Take the 2-minute tour ×
Mathematics Stack Exchange is a question and answer site for people studying math at any level and professionals in related fields. It's 100% free, no registration required.

Given the following function: $$f(x) = \sqrt{36 x^2+16416 x +61084}$$ where x is an integer and the function also generates an integer value, is there an algorithm to determine its integer solutions?

share|improve this question

put on hold as off-topic by Daniel W. Farlow, Solid Snake, user91500, Claude Leibovici, Clayton Jul 29 at 16:52

This question appears to be off-topic. The users who voted to close gave this specific reason:

  • "This question is missing context or other details: Please improve the question by providing additional context, which ideally includes your thoughts on the problem and any attempts you have made to solve it. This information helps others identify where you have difficulties and helps them write answers appropriate to your experience level." – Daniel W. Farlow, user91500, Claude Leibovici, Clayton
If this question can be reworded to fit the rules in the help center, please edit the question.

    
What do you mean by "solution"? Do you mean the x for which $f(x) =0$? –  DavidButlerUofA Jul 16 '14 at 20:05
1  
Your question is a little unclear: are you asking for solutions to "$f(x) = 0$"? Or "$f(x)$ is an integer"? Or something else? –  Hurkyl Jul 16 '14 at 20:06
4  
The term $72*x*228$ also hints at a typo. –  hardmath Jul 16 '14 at 20:07
    
Sorry , I can not figure out what to do with the 228 –  bobbym Jul 16 '14 at 20:14
    
Sorry but the function f(x) generates an integer value. Also 72*x*228 = 16416*x. –  Nominal Jul 16 '14 at 21:00

2 Answers 2

up vote 1 down vote accepted

Given

$$ f(x) = \sqrt{ 36 x^2 + 16416 x + 61084}. $$

For what integer $x$ is $f(x)$ also an integer?


We can write

$$ f(x) = \sqrt{ \Big( 6 x + 1368 \Big)^2 - 1810340 }, $$

therefore

$$ \Big( 6 x + 1368 \Big)^2 - 1810340 = \Big( 6 x + 1368 - p \Big)^2, $$

so

$$ p \left\{ 2 \Big( 6 x + 1368 \Big) - p \right\} = 1810340. $$

Thus

$$ x = \left( \left( \frac{1810340}{p} + p \right) \Big/ 2 - 1368 \right) \Big/ 6. $$

Note the symmetry

$$ \frac{1810340}{p} + p = \frac{1810340}{1810340/p} + 1810340/p. $$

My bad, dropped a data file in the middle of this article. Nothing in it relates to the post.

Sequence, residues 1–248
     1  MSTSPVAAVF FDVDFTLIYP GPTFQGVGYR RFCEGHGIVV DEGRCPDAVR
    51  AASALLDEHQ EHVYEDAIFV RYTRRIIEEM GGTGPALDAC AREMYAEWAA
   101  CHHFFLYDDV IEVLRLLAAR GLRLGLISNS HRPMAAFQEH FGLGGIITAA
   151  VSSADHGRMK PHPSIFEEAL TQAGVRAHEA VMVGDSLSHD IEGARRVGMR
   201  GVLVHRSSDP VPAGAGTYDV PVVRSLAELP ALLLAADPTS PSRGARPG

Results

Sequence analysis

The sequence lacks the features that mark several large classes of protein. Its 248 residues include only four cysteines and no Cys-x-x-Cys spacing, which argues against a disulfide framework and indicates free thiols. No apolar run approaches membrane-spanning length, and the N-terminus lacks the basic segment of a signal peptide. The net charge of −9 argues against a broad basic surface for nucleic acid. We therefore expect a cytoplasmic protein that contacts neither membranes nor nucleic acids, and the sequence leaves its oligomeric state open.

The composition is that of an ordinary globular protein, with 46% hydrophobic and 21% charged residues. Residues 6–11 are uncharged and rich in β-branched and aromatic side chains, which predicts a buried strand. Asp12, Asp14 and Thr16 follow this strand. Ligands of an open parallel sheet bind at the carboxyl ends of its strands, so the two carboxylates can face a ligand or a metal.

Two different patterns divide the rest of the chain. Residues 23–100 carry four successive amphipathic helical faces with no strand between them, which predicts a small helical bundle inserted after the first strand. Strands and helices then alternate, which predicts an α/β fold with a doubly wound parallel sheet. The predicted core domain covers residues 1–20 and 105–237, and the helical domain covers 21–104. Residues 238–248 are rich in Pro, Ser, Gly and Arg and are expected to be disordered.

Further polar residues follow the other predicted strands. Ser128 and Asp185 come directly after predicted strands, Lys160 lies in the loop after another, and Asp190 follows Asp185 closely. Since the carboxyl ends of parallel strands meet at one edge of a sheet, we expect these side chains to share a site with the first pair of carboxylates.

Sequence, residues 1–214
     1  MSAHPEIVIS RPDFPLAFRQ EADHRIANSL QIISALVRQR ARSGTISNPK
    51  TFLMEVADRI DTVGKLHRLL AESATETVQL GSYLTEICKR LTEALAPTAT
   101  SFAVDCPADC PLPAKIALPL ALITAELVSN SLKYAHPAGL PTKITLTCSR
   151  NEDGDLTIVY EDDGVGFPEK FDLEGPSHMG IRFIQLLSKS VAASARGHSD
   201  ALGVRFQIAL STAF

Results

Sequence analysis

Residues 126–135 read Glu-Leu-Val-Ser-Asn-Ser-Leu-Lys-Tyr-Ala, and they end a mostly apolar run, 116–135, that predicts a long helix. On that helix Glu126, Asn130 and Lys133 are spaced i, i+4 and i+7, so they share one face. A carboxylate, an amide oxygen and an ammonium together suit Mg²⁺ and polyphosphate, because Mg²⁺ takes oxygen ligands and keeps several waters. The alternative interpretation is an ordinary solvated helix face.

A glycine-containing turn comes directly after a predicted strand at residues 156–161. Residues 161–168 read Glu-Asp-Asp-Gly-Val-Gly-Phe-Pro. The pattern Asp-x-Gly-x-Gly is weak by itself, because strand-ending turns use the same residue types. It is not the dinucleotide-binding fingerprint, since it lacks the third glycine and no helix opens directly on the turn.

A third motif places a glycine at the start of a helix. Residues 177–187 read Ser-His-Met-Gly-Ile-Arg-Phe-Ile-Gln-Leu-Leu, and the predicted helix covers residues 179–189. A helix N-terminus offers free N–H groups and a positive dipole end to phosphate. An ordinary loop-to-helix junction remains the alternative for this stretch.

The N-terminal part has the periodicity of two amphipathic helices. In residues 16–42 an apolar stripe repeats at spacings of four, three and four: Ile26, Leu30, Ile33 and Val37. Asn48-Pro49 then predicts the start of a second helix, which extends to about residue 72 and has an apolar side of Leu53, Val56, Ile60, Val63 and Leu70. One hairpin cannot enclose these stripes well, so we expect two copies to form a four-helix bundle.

Using

$$ 1810340 = 2^2 \times 5 \times 7 \times 67 \times 193, $$

we can use limited values for $p$, like $p=2 \times 5 \times 7$, which is equivalent with $p= 2 \times 67 \times 193$.

We obtain the following results:

$$ \begin{array}{ccccc|c|c} 2 & 5 & 7 & 67 & 193 & p & x\\ \hline \times &&&&& 2 &75203\\ \times & \times &&&& 10 &14859\\ \times && \times &&& 14 &10549\\ \times & \times & \times &&& 70 &1933\\ \times &&& \times && 134 &909\\ \times &&&& \times & 386 &195\\ \times & \times && \times && 670 &53\\ \times & \times &&& \times & 1930 &11\\ \end{array} $$

share|improve this answer

You can write $f(x) = \sqrt{(6(x-228))^2 - 1810340}$.

Now, $f(x)$ is an integer if and only if $(6(x-228))^2 - 1810340$ is a square. Write $$k^2=(6(x-228))^2 - 1810340$$ so $$1810340 = (6(x-228))^2 - k^2 = (6x-6*228+k)(6x-6*228-k)$$

Now you factorize $1810340 = 2^2 * 5* 7* 67* 193$.

So you have to solve $48$ linear systems of the form $$ \left\{ \begin{matrix} 6x-6*228&+k &=& a \\ 6x-6*228&-k &=& b \end{matrix} \right. $$

For all possible values of $ab = 1810340$.

share|improve this answer
    
$f(6195)$ is in fact not an integer (I just plugged it into Wolfram). One potential issue I see with your proof is that $x$ and $k$ are not independent, so you cannot simply solve the last system of equations. –  Divergent Queries Jul 16 '14 at 21:18
    
No, I did a worse mistake. I made a mistake in completing the square. In fact, if you compute $(3*6195-228)^2-36713$ you get exactly $18356^2$. Ok, sorry, I made a mistake but I'm not erasing my answer. –  Crostul Jul 16 '14 at 21:37
    
That's fine. Mind if I edit it, though? –  Divergent Queries Jul 16 '14 at 21:39
    
I am editing right now. –  Crostul Jul 16 '14 at 21:41
1  
It should be $\sqrt{(6(x\color{red}{+}228))^2 - 1810340}$... –  johannesvalks Jul 16 '14 at 21:57

Not the answer you're looking for? Browse other questions tagged or ask your own question.